Tutor: John Wallett
Beginner to intermediate
All materials and equipment provided.
Bookings are closed for this event.
Get creative with type & letterforms, words & pages in this first of an occasional series.
These sessions will we hope appeal to not only artists and designers but also to anyone interested in the exploring the creative potentials of ‘the printed page’.
‘Loveletters’ sessions will include a mix of practical experimentation, quick dips into the science of type and some (inevitable and unexpected) asides into the historical aspects of type.
In this the first of an occasional series we start with examples of creative type and letterforms past and present, looking at the incredible variations of form employed in ‘just a couple of dozen letters’. We will use a variety of simple media including cut-paper, collage and photocopying before moving onto the presses to make up and print a set of typographic posters.
There will be slides (some), there will be cutting and sticking (a fair bit)… and there will be plenty of ad-hoc printing. Bring a sketchbook and some clothes that can cope with a bit of ink. Beginners very welcome. No special typography or calligraphy experience is necessary (we will NOT be doing expert penmanship!) All you need is an open mind, a sharp eye and a readiness to delight in the endless variation possible with even the simplest letters and words…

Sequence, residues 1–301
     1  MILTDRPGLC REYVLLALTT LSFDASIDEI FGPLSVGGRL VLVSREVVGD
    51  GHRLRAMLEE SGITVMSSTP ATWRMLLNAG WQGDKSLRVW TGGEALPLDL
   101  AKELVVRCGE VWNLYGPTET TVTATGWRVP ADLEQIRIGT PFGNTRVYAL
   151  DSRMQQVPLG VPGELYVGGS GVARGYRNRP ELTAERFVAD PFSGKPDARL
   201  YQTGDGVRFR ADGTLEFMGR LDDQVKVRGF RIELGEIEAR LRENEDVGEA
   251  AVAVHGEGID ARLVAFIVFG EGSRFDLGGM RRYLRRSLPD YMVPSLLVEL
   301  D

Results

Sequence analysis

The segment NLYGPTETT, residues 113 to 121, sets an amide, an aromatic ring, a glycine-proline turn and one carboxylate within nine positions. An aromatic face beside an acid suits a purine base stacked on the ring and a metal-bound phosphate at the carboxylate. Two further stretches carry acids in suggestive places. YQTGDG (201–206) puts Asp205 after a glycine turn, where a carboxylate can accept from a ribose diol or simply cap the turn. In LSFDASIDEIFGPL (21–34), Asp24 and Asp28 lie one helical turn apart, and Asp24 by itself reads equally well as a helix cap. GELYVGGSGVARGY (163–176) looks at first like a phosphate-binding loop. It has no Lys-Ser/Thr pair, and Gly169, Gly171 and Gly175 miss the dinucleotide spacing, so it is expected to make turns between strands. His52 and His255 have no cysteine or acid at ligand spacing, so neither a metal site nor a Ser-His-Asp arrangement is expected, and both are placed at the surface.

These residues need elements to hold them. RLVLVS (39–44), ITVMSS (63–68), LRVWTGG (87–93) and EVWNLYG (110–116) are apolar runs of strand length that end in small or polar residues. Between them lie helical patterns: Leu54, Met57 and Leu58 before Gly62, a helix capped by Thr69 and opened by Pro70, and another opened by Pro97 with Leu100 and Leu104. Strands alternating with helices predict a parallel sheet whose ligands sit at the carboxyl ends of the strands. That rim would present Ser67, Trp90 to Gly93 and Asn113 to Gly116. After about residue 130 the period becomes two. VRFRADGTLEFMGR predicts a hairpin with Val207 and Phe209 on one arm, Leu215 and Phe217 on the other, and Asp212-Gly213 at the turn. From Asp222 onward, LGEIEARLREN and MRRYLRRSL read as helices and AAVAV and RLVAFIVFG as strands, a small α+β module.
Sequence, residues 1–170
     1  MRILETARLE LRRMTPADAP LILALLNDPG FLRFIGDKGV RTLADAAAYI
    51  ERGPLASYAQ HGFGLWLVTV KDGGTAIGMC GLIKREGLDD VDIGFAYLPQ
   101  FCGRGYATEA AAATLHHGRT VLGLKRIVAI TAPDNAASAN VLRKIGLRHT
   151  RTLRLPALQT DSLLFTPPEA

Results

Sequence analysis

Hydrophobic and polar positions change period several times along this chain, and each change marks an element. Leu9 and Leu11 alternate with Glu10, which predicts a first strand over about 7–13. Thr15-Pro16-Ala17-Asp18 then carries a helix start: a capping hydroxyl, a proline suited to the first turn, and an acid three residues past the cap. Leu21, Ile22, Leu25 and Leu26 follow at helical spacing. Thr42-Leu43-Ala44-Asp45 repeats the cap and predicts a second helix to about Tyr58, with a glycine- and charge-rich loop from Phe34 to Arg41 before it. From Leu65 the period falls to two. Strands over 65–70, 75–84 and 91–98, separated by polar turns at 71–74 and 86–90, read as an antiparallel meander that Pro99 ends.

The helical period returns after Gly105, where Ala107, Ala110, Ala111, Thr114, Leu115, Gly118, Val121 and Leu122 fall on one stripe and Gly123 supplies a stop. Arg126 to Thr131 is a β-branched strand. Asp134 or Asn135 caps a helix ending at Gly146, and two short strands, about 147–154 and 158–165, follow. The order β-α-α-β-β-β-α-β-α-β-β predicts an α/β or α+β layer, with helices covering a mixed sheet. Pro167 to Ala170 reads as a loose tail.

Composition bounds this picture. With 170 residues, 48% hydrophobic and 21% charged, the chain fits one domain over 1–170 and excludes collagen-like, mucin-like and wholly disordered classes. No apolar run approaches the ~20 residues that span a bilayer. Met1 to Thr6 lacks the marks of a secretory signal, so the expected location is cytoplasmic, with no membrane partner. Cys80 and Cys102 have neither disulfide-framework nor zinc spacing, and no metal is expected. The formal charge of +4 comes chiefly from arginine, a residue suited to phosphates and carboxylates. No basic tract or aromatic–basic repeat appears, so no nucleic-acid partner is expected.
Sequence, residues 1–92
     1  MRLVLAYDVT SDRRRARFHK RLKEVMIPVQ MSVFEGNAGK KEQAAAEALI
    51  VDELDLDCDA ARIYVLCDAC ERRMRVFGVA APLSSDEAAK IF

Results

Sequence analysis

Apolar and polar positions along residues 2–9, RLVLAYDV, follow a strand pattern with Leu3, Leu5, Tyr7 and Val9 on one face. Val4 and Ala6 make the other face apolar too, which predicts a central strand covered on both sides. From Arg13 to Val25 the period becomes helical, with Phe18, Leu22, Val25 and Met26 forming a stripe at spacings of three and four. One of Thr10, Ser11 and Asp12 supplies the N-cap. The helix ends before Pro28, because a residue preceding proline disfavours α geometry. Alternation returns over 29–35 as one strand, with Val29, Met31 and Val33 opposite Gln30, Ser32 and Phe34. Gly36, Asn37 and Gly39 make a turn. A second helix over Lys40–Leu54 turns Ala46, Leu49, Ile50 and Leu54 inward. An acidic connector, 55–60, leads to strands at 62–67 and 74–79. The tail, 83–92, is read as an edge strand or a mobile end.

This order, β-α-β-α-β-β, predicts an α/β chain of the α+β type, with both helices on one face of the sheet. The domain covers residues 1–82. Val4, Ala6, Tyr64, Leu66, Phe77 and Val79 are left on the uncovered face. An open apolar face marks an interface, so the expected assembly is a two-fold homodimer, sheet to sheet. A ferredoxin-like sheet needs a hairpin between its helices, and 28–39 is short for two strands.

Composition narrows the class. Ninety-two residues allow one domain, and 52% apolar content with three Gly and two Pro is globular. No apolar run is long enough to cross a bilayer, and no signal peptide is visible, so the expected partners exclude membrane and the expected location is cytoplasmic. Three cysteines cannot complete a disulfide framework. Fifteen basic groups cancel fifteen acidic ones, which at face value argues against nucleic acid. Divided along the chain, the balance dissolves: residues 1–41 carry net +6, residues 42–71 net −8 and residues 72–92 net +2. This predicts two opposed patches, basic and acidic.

John Wallett has been experimenting and playing with type and letterforms since the 1970s when he discovered the mysteries of the Italic Hand.
His first ‘proper creative job’ was in a northern Museum painting diorama backdrops (‘Birdlife of the Farne Islands’) and putting together display lettering and printed materials using a golfball typewriter and some very dusty Letraset.
In at the beginnings of ‘Desk Top Publishing’ software with Aldus Pagemaker 1 and Xerox Ventura he was an early adopter of the PC for page layout and saw straight away the potential for DIY publishing that it represented.
In the 1990’s he once made a complete ‘grunge’ typeface from start to finish in an afternoon using foam rubber, ink and a cheap scanner.
The possible conjunctions of type and image have always been close to the centre of his creative design practice.